Ireland has good reason to market its dairy produce as having better colour, flavour, nutritional value and appearance than products from other countries, new research findings suggest.

The research, carried out by scientists at Teagasc and the University College Cork based APC Microbiome Institute, found milk and dairy produce from grass and clover-fed cows has significantly greater concentrations of fat, protein and casein.

"In particular, milk from pasture-fed cows [grass or clover] has significantly higher concentrations of healthy fatty acids," said Tom O'Callaghan, PhD student at Teagasc and lead author on the study.

"These differences are reflected in butter produced from pasture-fed cows being superior in appearance, flavour and colour as confirmed by sensory panel data."

"Pasture-derived butter is also nutritionally superior for heart health with lower atherogenecity scores and containing significantly higher concentrations of CLA (c9t11), a healthy fatty acid and β-carotene which gives the butter a lovely golden colour."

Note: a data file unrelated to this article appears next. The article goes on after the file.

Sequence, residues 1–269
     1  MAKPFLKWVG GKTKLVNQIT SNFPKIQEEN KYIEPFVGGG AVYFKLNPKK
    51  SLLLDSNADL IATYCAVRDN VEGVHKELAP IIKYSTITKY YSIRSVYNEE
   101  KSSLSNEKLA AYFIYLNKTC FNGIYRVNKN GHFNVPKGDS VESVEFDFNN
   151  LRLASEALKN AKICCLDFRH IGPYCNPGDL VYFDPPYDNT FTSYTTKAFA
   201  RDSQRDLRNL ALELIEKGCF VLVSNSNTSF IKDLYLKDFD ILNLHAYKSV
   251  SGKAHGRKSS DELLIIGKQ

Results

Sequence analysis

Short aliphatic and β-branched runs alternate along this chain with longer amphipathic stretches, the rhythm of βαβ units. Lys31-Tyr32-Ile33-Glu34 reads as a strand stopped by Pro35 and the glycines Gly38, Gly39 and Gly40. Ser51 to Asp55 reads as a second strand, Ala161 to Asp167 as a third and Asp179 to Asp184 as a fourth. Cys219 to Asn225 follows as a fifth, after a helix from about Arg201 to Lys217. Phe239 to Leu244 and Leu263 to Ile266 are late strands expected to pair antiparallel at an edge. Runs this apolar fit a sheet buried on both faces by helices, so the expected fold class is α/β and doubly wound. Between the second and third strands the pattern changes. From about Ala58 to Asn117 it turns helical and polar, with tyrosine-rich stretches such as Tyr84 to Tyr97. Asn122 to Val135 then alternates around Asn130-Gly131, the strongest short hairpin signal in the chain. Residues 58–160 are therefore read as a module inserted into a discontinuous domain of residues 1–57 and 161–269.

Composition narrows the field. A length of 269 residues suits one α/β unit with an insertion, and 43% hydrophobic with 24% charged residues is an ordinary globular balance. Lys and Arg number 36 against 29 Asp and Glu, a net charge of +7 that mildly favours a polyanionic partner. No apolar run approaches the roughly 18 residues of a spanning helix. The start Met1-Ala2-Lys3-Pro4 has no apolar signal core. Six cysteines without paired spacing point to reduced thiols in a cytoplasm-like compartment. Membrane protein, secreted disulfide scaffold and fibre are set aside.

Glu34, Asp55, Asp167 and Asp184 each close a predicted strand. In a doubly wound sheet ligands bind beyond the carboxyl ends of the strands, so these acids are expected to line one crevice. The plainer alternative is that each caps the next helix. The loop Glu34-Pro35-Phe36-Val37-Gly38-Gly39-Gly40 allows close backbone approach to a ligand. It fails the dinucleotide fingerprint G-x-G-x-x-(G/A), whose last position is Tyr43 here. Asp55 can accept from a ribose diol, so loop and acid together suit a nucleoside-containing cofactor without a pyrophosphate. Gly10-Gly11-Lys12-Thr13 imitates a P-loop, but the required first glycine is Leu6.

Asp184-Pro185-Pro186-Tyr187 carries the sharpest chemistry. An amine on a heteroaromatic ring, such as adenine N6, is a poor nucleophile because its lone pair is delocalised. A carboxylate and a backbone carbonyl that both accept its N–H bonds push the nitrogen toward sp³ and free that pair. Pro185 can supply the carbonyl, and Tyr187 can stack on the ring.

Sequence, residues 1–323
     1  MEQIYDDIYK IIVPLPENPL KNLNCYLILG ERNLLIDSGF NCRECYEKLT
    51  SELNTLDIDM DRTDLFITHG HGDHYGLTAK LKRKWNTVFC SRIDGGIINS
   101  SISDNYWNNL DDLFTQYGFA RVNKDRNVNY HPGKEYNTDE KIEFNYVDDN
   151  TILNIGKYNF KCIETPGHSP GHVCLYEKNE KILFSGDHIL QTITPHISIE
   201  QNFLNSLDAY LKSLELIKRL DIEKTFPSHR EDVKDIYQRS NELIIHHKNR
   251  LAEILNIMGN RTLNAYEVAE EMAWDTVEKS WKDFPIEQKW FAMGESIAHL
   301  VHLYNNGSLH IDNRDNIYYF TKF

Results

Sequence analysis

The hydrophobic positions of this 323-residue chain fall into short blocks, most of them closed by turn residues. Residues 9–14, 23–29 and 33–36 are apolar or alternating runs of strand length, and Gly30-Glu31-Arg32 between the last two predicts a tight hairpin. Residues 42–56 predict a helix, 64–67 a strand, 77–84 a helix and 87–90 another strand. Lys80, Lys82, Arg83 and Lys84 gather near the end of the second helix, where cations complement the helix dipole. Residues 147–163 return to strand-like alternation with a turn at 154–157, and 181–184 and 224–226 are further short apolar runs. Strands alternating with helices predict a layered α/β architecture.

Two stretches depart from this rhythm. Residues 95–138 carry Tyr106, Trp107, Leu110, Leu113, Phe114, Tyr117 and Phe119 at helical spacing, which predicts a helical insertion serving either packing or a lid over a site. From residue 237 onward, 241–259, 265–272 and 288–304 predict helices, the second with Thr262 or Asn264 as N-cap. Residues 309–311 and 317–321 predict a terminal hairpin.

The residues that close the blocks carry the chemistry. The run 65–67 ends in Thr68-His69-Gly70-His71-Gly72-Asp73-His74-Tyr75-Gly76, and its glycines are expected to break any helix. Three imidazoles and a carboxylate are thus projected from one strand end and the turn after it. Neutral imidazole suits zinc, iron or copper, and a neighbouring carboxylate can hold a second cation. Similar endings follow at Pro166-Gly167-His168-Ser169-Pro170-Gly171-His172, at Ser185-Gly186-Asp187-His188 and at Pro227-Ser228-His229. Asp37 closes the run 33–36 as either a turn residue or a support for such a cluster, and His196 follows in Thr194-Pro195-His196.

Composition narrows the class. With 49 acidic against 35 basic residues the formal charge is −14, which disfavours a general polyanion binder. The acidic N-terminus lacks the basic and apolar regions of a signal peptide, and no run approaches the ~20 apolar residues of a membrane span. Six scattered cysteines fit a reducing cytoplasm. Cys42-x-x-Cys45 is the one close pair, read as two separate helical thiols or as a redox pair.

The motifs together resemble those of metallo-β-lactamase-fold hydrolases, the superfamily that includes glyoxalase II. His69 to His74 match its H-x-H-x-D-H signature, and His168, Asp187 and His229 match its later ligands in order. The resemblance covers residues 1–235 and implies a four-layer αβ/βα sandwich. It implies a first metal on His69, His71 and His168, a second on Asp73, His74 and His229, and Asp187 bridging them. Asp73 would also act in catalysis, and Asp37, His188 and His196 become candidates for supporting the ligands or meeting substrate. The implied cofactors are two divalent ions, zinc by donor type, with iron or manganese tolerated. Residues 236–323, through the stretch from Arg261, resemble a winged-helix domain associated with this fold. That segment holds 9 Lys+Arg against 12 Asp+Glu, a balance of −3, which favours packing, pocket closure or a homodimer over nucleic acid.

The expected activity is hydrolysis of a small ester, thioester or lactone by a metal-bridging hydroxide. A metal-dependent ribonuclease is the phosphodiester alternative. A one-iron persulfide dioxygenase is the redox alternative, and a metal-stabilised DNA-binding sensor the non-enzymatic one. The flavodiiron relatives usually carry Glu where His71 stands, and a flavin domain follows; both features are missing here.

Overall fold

Ireland's dairy cows are predominately raised on open pasture, differentiating them and their produce from herds in most other countries which are fed on a variety of different food types inside.

The difference has been capitalised on by authorities here including Bord Bia, which runs an "Origin Green" campaign.

The researchers will now move forward with the intention of showing that the better quality of the produce has a measurable impact on the health of those consuming it through clinical based research.

The Teagasc, Science Foundation Ireland and the Dairy Research Trust-funded research is published in two papers in the Journal of Dairy Science.